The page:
Do HIV positive people combining ARVs with immune boosters, traditional herbal medicines or vitamins experience viral resistance and treatment failure than those taking ARVs only?
Thesis (MPhil (Industrial Psychology))--University of Stellenbosch, 2009.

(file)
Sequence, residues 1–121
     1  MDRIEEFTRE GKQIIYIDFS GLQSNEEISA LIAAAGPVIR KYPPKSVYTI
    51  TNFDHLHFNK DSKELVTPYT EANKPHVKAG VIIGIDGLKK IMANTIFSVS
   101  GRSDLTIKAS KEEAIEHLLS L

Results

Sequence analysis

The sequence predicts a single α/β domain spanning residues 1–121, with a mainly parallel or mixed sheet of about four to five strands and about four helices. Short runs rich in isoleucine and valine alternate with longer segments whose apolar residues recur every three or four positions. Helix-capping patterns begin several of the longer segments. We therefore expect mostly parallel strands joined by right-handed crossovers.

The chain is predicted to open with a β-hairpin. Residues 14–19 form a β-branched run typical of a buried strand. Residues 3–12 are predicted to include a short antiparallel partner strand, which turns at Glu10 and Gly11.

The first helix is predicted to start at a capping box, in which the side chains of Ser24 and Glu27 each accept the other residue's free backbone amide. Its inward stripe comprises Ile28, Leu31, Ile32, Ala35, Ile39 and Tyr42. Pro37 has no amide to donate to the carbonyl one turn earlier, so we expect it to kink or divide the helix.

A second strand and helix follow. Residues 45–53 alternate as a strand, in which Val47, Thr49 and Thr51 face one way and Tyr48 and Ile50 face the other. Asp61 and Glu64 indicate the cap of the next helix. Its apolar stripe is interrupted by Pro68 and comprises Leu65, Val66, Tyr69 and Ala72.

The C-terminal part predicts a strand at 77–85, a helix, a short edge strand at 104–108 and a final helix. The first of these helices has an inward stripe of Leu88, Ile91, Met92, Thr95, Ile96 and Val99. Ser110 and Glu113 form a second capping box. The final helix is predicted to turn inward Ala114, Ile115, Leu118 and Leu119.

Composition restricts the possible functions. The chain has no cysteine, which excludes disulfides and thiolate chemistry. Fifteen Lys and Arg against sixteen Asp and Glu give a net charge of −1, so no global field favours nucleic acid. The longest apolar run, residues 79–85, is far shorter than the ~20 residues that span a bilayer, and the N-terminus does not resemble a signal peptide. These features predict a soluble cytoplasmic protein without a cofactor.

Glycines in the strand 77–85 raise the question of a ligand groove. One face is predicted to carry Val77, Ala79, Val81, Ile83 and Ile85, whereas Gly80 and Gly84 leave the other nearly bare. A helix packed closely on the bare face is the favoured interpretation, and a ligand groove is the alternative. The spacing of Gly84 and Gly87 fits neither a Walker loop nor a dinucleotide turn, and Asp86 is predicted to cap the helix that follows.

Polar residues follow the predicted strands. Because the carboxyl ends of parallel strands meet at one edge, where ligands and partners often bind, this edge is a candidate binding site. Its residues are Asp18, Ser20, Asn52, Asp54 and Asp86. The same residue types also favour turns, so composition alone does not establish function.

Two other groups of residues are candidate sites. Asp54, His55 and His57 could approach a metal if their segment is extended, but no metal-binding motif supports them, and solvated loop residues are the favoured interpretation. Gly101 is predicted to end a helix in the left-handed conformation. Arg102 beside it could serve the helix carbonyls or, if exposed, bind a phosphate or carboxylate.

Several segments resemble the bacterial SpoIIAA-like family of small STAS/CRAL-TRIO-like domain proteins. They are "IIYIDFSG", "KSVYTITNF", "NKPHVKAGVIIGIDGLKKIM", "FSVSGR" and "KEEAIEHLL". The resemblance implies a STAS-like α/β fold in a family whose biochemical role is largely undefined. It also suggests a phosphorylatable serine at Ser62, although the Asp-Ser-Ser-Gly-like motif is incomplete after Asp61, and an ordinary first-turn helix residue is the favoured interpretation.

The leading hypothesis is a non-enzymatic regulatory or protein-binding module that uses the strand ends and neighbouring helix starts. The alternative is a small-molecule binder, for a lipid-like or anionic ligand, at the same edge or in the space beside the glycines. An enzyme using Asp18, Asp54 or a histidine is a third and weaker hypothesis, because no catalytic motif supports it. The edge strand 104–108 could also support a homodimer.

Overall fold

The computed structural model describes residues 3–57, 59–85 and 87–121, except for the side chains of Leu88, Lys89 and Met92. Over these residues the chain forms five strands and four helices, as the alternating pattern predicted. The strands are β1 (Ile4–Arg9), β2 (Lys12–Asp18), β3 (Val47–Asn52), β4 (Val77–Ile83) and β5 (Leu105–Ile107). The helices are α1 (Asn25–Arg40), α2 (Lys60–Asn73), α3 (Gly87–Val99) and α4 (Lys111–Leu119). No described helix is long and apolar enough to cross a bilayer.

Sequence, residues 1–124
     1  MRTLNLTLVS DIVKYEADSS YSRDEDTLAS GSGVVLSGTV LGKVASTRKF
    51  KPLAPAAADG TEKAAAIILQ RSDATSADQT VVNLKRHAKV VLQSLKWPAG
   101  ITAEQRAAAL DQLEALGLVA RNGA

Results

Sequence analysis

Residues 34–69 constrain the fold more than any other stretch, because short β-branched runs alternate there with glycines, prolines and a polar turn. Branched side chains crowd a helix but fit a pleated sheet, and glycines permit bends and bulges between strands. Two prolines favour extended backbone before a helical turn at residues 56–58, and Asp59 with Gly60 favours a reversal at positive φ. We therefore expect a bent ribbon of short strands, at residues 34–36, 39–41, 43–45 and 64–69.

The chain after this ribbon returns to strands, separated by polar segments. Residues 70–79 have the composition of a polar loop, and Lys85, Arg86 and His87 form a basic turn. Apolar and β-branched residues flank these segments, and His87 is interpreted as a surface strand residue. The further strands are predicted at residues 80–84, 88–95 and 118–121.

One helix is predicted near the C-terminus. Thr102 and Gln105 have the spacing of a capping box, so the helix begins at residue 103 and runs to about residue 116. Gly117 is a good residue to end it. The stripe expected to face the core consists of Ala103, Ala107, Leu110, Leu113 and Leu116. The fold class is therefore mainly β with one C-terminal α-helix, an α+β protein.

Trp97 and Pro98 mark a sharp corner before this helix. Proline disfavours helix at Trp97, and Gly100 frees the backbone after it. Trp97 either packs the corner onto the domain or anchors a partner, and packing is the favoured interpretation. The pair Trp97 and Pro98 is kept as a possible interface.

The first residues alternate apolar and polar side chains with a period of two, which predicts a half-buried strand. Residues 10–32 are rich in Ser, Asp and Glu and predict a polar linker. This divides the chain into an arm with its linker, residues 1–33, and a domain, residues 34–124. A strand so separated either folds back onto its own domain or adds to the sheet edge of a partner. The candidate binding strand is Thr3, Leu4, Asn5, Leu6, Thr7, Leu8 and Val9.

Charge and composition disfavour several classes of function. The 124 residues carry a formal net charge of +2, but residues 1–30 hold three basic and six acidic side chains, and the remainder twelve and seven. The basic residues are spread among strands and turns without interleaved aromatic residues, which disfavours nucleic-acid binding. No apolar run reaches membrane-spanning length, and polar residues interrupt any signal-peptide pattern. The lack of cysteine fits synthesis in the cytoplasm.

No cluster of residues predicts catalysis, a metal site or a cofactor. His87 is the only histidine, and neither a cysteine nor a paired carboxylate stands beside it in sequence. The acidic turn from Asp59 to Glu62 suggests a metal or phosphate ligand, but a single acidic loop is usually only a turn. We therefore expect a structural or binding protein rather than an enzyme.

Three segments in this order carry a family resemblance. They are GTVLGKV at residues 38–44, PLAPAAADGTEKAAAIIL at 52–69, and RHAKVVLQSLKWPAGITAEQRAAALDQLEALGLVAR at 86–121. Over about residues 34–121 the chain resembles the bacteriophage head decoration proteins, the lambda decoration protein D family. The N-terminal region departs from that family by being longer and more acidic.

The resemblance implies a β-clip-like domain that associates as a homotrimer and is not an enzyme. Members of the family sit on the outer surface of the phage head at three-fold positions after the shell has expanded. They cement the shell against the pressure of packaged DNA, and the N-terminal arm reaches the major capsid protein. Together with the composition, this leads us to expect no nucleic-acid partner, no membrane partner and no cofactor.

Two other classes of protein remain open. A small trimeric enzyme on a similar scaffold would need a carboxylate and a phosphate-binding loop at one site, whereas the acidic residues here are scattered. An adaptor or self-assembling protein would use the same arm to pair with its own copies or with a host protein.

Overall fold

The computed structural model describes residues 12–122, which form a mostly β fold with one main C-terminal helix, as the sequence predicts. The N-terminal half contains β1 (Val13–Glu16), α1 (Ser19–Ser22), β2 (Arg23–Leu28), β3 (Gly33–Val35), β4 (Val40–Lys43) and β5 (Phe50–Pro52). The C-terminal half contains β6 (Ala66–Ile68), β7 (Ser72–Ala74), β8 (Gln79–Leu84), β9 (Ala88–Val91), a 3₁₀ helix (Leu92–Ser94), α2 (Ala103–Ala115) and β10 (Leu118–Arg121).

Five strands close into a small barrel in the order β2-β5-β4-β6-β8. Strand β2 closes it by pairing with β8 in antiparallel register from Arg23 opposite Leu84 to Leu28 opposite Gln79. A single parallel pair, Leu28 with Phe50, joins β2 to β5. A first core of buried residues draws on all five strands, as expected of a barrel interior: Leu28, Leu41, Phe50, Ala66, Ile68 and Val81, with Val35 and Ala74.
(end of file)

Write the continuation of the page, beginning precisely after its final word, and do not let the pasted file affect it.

―HIV and AIDS is one of the main challenges facing South Africa today. It is estimated that of the 39.5 million people living with HIV worldwide in 2006, and that more than 63% are from sub-Saharan Africa. About 5.54 million people are estimated to be living with HIV in South Africa in 2005, with 18.8% of the adult population (15-49) affected. Women are disproportionately affected; accounting for approximately 55% of HIV positive people. Women in the age group 25-29 are the worst affected with prevalence rates of up to 40%. For men the peak is reached at older ages, with an estimated 10% prevalence among men older than 50 years. HIV prevalence among younger women <20 years seems to be stabilizing, at about 16% for the past three years.‖(HIV/AIDS AND STI Strategic Plan for South Africa for 2007-2011) The South African Strategic plan is to reduce morbidity and mortality by providing treatment and care and support to 80 % of those infected by 2011. With the Sub Saharan region faced with lots of challenges namely – migration which is presumed to increase the spread of the disease stigmatisation which still prohibits the voluntary testing leading to late discovery of those infected Lack of proper leadership by the various states in the Sub Saharan region– which delays the proper rollout of ARVS , It seems as if this plan is easier said than done. People from this region have always believed in alternative medicines like traditional medicines, medicinal herbs and would start at that route first before using antiretroviral drugs or might even combine them. My interest in this study is to see the uptake of these alternative medicines whilst using antiretroviral therapy and what effect is displayed in the users.